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Computer Insider is the world's first broadcast technology series, launched in 1986. Since our first broadcast, we have been constantly redefining our content to meet the needs of consumers to delivering information of value to today's consumer.

Show #2019-50 Broadcast March 11, 2019

Today is one of those days that you will be able to see just how war into technology you are. How many of your clocks automatically switched over to daylight savings time?

In my youth, it was pretty simple. Your wristwatch, kitchen wall clock, maybe a mantle clock and your alarm clock. Then as time moved forward, your VCR, which in many houses seemed to be an option with many spending their entire lives blinking 12:00, and let not forget microwaves and early generation voice mail machines.

And that reminds me of a story. When I was first hosting the TV show, I asked a Bell Canada spokesperson why each exchange seemed to have a different time. The answer was surprisingly simple. The last step in servicing the software was to reset the time by hand, so ultimately, each exchange was working on the watch time of the technician.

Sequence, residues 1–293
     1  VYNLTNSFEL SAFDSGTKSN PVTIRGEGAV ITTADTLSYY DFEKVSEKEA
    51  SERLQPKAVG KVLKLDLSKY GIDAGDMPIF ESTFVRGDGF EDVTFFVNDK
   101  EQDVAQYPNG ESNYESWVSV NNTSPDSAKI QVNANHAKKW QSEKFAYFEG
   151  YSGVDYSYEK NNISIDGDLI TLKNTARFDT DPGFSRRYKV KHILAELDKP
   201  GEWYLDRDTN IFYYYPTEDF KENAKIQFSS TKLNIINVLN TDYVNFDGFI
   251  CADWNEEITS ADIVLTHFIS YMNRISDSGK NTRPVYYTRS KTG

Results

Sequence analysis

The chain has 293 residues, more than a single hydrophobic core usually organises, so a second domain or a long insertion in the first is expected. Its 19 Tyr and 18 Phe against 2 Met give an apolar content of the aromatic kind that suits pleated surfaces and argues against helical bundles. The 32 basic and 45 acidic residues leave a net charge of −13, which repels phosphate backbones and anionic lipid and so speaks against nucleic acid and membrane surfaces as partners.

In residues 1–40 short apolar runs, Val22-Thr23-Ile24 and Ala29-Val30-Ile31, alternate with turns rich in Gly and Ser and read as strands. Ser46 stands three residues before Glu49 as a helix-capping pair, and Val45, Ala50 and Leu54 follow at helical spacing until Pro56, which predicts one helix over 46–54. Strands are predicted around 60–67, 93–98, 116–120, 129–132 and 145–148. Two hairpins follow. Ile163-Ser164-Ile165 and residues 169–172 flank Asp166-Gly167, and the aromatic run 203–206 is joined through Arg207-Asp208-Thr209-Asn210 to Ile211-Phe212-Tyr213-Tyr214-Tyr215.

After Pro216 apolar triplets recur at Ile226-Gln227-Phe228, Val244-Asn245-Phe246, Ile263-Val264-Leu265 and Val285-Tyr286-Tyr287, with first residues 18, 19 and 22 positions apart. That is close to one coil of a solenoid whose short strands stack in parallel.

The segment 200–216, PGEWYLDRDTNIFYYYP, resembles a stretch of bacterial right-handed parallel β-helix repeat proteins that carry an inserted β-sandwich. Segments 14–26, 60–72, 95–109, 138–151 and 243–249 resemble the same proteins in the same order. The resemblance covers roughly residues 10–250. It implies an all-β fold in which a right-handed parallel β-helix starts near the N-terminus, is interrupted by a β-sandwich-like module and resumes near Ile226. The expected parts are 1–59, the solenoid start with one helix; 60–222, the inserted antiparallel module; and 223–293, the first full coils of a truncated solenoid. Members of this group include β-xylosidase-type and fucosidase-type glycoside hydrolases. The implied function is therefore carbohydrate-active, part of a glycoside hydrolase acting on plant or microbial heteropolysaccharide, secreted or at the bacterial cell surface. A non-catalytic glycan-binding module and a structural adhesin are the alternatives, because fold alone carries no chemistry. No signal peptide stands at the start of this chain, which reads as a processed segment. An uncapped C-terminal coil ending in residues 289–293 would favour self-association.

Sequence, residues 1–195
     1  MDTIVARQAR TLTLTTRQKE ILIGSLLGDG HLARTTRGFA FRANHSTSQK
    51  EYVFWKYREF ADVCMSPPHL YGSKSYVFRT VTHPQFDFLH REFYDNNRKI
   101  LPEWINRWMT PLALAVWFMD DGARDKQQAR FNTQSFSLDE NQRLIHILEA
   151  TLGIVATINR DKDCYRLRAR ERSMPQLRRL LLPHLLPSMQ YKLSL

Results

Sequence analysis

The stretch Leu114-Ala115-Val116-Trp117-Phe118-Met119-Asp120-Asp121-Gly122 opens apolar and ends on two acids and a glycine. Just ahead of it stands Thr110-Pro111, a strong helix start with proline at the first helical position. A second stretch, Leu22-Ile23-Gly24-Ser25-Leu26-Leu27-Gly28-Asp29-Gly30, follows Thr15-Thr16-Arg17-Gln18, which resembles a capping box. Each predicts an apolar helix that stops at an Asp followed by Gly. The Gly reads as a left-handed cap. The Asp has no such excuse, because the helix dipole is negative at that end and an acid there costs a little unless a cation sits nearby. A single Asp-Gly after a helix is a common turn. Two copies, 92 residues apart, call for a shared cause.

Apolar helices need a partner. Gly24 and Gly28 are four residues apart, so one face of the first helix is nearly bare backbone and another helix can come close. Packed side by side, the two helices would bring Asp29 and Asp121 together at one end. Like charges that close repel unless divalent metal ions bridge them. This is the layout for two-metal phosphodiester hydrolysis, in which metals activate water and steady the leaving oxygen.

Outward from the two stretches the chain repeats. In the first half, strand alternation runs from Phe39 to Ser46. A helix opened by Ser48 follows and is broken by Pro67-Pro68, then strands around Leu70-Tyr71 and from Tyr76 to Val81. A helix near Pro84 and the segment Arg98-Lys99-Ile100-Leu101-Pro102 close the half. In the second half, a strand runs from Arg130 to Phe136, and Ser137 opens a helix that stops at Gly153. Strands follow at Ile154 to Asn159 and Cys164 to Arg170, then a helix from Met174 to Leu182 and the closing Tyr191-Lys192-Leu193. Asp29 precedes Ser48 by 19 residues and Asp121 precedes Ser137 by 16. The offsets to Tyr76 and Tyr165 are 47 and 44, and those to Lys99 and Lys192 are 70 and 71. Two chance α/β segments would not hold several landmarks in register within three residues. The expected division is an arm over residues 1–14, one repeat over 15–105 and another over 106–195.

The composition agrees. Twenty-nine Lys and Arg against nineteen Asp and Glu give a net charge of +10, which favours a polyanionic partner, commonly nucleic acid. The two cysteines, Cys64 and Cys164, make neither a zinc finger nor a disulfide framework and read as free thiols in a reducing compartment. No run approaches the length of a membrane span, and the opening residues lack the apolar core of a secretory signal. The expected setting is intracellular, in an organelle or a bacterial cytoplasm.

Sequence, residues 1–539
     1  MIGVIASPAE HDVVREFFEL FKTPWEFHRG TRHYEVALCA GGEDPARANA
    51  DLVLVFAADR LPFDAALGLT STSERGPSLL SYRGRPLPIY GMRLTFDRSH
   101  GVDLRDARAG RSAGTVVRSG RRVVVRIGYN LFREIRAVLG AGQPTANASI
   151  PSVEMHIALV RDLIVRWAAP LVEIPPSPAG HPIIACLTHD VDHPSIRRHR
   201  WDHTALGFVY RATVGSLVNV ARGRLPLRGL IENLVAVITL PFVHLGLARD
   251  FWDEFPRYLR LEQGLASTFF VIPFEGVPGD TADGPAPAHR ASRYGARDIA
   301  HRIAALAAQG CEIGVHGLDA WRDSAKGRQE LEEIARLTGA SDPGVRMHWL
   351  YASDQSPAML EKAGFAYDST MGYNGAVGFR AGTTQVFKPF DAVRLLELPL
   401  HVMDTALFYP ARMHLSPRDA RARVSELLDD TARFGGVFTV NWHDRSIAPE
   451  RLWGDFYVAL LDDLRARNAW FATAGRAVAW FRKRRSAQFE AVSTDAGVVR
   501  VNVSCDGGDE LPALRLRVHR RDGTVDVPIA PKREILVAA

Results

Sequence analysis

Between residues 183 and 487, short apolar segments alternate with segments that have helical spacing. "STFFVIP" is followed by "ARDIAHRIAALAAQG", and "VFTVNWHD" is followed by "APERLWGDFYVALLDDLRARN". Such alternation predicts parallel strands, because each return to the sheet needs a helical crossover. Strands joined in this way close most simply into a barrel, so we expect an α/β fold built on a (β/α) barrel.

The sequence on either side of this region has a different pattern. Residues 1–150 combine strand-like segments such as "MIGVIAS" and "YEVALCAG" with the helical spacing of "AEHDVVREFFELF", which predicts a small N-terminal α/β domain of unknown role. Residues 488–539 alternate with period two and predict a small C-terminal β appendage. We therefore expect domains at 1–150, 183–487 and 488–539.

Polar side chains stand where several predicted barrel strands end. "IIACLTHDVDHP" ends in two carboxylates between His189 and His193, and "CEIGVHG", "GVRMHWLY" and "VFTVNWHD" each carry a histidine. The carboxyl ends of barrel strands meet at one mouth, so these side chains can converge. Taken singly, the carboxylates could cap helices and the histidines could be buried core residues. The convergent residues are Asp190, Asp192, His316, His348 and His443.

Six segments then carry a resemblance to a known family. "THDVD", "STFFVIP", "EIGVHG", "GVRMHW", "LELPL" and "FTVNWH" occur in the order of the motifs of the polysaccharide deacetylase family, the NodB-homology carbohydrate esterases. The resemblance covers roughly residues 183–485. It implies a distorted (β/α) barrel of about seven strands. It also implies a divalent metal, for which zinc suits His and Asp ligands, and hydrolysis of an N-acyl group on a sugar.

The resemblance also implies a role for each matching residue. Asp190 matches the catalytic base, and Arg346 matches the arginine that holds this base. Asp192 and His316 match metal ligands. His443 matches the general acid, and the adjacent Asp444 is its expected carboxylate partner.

Anyway, staying on track, it was really the smartphones that started this whole process of clocks actually being exactly on time, when your provider was able to sync their clocks to the atomic clock, and then as we moved through time, to update the clocks that connected with the internet or to your smartphone.

So, as we sit in 2019 let’s see just how many clocks there are kicking around, and what in fact automatically change the time.

For openers all of your computers should have updated by themselves, that would be desktops, laptops, tablets, smartphones, smartwatches and smart TVs. Also on the auto-update list would be smart mirrors, after all, it’s important to keep you mirror on time, smart toothbrushes, smart thermostats, and pretty much anything else that has the word “Smart” in it, with the notable exception of smart politicians.

And just which watch is the dumbest clock that you use all the time? Yup, the one in your car. Maybe in the 2020s.    

Reporting for Computer Insider, I’m Bob Pritchard

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